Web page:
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Can you check the syntax of a eval() before executing it?

by slloyd (Hermit)
on May 06, 2002 at 20:13 UTC ( #164431=perlquestion: print w/ replies, xml ) Need Help??
slloyd has asked for the wisdom of the Perl Monks concerning the following question:

is there anyway to check the code passed to an eval() for syntax before executing it?

Comment on Can you check the syntax of a eval() before executing it?
Re: Can you check the syntax of a eval() before executing it?
by erikharrison (Deacon) on May 06, 2002 at 20:20 UTC

    There isn't a really good way to do this within Perl . . . however, if you absolutely must double check, you can execute perl from within your program on a temp file containing the source, using the -c switch. But you don't want to do that.

    Cheers,
    Erik

    Update: Chmrr makes a good point about BEGIN blocks . . . see below

      This has been discussed previously here at the monastery, but I can't seem to find where. The general consensus is that it is not possible. The perl -c trick will not prevent code from being executed; see the following, for example:

      [chmrr@supox chmrr]$ perl -c BEGIN {print "Nope!"} Nope!- syntax OK

      perl -pe '"I lo*`+$^X$\"$]!$/"=~m%(.*)%s;$_=$1;y^`+*^e v^#$&V"+@( NO CARRIER'

Re: Can you check the syntax of a eval() before executing it?
by belg4mit (Prior) on May 06, 2002 at 20:27 UTC
    As prevously mentioned, not really. In fact that's kind of one of the uses of eval now isn;t it? You might consider evaling it in another package though, say via Safe. This could prevent it from having any actual impact while letting you get a syntax check. In fact, this coul allow you to be more restrictive in what you consider valid.

    --
    perl -pew "s/\b;([mnst])/'$1/g"

Re: Can you check the syntax of a eval() before executing it?
by Matts (Deacon) on May 06, 2002 at 22:18 UTC
    The generally accepted way to do this is to prefix the eval code with "return;", so you'd do:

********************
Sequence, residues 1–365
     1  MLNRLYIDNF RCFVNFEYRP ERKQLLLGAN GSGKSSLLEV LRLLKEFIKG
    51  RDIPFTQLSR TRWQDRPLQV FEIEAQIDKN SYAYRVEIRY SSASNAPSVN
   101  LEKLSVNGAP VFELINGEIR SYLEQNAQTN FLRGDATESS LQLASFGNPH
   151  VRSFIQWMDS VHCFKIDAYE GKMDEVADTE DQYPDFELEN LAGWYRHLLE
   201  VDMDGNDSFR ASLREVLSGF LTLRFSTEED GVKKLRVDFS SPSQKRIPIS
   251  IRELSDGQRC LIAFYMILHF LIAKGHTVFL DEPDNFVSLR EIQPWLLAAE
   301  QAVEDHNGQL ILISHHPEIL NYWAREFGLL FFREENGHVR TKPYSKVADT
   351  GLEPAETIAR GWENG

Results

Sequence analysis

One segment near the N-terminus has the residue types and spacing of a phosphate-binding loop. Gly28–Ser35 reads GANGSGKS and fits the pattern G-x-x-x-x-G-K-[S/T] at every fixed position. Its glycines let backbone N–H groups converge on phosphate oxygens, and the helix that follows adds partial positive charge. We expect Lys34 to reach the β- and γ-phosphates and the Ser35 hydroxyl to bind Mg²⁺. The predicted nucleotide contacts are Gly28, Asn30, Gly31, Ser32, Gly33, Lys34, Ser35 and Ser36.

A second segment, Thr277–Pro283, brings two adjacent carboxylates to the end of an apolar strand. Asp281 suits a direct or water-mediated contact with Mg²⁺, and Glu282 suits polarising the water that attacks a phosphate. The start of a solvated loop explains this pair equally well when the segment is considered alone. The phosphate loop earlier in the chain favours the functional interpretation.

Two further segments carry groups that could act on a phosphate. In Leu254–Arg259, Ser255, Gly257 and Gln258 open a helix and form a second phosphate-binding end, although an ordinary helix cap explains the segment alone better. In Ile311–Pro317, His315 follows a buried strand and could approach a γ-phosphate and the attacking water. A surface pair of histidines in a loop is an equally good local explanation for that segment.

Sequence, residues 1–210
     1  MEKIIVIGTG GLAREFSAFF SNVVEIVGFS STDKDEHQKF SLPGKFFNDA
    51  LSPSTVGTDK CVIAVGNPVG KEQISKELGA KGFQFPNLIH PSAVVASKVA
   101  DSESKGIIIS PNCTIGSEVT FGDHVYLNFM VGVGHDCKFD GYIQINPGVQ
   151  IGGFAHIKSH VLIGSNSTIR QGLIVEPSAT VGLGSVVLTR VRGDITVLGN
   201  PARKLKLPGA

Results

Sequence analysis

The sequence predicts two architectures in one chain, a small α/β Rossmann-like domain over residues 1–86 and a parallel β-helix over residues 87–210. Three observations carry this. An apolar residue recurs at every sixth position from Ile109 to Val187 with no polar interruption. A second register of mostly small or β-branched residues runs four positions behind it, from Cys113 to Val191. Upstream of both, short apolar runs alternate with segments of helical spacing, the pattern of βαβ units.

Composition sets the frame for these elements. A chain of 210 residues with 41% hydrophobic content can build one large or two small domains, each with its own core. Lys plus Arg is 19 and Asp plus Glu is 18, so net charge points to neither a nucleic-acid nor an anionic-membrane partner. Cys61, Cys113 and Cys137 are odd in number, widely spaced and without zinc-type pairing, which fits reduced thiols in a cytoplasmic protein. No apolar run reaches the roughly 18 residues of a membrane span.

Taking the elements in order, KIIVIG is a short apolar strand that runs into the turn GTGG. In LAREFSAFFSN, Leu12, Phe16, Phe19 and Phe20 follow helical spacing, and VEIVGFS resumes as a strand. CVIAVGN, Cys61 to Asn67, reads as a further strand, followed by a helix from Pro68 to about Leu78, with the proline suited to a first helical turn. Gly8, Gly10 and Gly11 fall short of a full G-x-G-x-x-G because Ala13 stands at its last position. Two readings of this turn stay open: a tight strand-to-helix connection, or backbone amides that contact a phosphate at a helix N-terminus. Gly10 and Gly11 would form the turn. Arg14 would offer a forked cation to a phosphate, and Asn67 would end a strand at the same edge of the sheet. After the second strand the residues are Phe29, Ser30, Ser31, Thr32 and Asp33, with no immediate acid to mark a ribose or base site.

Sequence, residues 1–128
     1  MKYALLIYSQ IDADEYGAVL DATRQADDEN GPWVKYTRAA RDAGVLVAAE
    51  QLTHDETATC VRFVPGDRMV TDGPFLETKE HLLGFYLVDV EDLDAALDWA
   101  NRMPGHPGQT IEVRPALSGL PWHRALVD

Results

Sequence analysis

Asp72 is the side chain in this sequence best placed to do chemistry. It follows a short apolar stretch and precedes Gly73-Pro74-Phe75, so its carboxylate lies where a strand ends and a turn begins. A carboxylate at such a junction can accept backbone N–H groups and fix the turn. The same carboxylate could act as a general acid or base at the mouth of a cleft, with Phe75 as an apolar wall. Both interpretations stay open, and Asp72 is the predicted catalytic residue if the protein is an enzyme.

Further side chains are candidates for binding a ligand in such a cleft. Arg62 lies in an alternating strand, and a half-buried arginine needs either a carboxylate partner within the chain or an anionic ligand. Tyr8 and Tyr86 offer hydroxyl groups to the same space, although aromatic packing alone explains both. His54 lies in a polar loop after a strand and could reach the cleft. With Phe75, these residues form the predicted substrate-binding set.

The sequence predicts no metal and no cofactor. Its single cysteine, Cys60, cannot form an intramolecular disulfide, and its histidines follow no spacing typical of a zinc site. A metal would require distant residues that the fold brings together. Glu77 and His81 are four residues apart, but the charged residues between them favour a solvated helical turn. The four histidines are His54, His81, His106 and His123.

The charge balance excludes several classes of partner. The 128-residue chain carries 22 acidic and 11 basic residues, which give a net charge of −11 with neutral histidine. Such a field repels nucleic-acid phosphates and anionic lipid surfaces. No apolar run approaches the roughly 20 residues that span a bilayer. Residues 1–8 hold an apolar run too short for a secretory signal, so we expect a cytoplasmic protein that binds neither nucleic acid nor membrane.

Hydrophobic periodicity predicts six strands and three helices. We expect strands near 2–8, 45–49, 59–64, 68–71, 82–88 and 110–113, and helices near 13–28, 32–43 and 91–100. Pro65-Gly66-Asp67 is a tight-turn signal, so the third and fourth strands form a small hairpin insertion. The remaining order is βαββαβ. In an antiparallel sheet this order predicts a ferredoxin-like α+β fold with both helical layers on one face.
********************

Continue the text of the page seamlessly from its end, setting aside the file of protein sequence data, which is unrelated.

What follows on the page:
eval "return;" . $code;
    However it won't prevent the execution of BEGIN blocks, and when you want to execute it, you have to compile it again.
      Another, possibly sillier way would be to eval it into an anonymous subroutine:
      my $coderef = eval "sub{$code}" or die "Error in code: $@"; $coderef->(); # execute the code
      That way one wouldn't have to recompile the code, if you really need that kind of optimization. It is also quite possible that there is code that can't be evaled into a sub like this. But maybe it'll suffice. :)
      You have moved into a dark place.
      It is pitch black. You are likely to be eaten by a grue.

        ... and it still executes those pesky BEGIN blocks.

        Some days you just have to love Perl's DWIDM features.

      Well, if we want to be really careful about checking what $code is going to do, why not do some more analysis of its content:
      my $codeBegin = ""; if ( $code =~ /BEGIN\s*\{/ ) { # tricky part here: try to locate the matching close brace # (this would require parsing character-by-character, to # handle various quote operators and escapes -- a worthwhile # project for a module developer, not something I can do here). # check that part separately, assign it to $codeBegin and # delete it from $code; } # now check whatever's left in $code, and if everything's # okay, then: eval "$codeBegin $code";
      But would we also have to check separately for an END{} block?

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